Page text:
February 13, 2012

Hollywood’s rare book collectors


One would think that Hollywood bibliophiles would be flashy collectors, using the purchase receipts of valuable books to demonstrate some intellectual inner life that the tabloids usually strip them of. Indeed for some stars it might well be, but it seems that for many of Hollywood’s biggest movers and shakers book collecting is a far more sincere pastime …

The following is from a Hollywood Reporter article about the Hollywood antique book fair, and its famous patrons:

Johnny Depp collects first-edition works by Jack Kerouac, Arthur Rimbaud, Dylan Thomas and Edgar Allan Poe. Other industry figures have assembled museum-quality collections devoted to everything from exploration (producer Kathleen Kennedy) and aviation (director Tony Bill) to novelizations of silent-era films (business manager Bill Tanner) and the poetry of William Butler Yeats (screenwriter Jeffrey Fiskin). CAA is a particular fan of vintage volumes as gifts. And bibliophiles including Brad Pitt and Steve Martin have been spotted at the California International Antiquarian Book Fair, which this year takes place at the Pasadena Convention Center. “People think I’m a high-end hoarder,” says Brett Ratner, who has amassed thousands of photography books including three first editions of Robert Frank‘s The Americans.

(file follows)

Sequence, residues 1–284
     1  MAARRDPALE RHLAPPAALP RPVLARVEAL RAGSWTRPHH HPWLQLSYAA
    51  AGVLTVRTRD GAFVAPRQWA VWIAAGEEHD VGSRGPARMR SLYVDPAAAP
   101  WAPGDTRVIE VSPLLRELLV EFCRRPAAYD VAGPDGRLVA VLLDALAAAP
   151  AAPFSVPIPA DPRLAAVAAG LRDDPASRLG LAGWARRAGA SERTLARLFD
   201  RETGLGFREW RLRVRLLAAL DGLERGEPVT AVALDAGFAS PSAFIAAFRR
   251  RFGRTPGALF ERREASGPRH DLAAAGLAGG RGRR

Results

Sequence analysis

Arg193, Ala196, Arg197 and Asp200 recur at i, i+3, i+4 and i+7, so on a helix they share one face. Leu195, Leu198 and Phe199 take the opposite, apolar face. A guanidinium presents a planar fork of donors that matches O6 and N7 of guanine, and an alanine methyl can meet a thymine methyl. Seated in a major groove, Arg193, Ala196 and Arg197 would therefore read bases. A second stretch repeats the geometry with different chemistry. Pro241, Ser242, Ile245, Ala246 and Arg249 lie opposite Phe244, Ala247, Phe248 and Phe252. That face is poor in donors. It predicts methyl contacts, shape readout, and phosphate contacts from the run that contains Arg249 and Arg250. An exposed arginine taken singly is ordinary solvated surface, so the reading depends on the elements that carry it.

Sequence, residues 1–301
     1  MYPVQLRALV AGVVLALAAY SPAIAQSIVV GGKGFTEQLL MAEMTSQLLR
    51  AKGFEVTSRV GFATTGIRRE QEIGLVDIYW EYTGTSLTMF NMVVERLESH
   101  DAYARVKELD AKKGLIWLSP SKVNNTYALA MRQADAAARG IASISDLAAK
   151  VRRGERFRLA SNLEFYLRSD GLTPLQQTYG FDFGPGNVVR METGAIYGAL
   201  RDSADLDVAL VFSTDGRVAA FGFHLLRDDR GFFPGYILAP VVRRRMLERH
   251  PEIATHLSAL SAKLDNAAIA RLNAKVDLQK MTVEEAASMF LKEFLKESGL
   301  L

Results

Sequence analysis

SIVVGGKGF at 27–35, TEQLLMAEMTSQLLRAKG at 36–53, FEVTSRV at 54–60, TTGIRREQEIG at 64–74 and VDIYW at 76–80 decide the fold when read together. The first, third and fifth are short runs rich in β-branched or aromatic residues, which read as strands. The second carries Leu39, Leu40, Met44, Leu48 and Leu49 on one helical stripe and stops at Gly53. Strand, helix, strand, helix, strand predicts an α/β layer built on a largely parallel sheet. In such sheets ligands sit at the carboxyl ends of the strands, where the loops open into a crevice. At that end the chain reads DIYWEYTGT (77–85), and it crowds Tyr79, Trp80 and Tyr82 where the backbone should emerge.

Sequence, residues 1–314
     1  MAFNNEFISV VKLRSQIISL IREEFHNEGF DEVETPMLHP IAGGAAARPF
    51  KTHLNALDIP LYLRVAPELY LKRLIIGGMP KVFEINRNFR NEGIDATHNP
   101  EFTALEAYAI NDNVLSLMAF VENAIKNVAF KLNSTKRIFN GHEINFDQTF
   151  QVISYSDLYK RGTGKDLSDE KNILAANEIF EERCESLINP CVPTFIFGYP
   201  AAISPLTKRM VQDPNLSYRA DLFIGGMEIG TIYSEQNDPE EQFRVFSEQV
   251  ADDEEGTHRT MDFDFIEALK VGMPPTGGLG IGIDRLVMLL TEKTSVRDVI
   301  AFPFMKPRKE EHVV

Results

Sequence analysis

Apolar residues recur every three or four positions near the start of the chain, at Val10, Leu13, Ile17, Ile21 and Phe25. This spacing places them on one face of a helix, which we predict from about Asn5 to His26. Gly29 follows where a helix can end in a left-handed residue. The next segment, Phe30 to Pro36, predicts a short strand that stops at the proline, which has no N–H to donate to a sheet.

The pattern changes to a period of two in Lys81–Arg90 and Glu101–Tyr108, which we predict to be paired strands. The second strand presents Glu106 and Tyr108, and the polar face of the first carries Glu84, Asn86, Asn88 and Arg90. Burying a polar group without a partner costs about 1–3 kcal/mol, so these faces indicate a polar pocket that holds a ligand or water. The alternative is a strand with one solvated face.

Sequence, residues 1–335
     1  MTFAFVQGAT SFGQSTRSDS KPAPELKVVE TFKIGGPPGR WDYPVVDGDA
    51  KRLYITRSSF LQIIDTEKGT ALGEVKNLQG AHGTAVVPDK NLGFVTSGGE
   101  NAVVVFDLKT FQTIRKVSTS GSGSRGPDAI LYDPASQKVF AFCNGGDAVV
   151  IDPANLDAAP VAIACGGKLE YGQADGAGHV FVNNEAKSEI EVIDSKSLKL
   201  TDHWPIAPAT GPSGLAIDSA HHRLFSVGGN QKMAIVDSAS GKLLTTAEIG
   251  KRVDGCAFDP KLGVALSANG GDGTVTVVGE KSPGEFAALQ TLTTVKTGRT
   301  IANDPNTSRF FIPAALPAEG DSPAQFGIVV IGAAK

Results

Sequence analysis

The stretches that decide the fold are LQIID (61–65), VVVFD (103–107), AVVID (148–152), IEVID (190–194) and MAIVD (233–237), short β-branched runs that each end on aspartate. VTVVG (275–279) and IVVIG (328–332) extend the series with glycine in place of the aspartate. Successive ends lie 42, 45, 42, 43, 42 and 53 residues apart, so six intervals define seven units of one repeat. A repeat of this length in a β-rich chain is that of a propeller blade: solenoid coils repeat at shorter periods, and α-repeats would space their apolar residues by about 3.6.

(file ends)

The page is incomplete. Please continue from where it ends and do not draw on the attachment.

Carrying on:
While Depp’s collection is certainly part of his persona, it is interesting to read about some of the more specific collections maintained on subjects as minute as exploration or aviation. These collections are obviously less recognizable than a run of Kerouac first printings, but often far more intricate and costly in construction — that is to say, the domain of the real collector.

The article goes on to highlight certain star-related treasures, including a pair of books involving Woody Allen, Frank Sinatra and Mia Farrow, which of course carried a large ticket. In a story of curiosities, one in particular stuck out.

John Larroquette, known within the scene for his Samuel Beckett cache, can relate. “I’m an addictive personality, and I love books,” he says. “Once I had disposable income, I began to buy more. My wife would get angry, finding me asleep with a $20,000 book on my chest, gingerly having to lift it away.”

This makes sense. Wasn’t Night Court, in some small way, just an adaptation of Waiting for Godot?


Paul Oliver is the marketing manager of Melville House. Previously he was co-owner of Wolfgang Books in Philadelphia.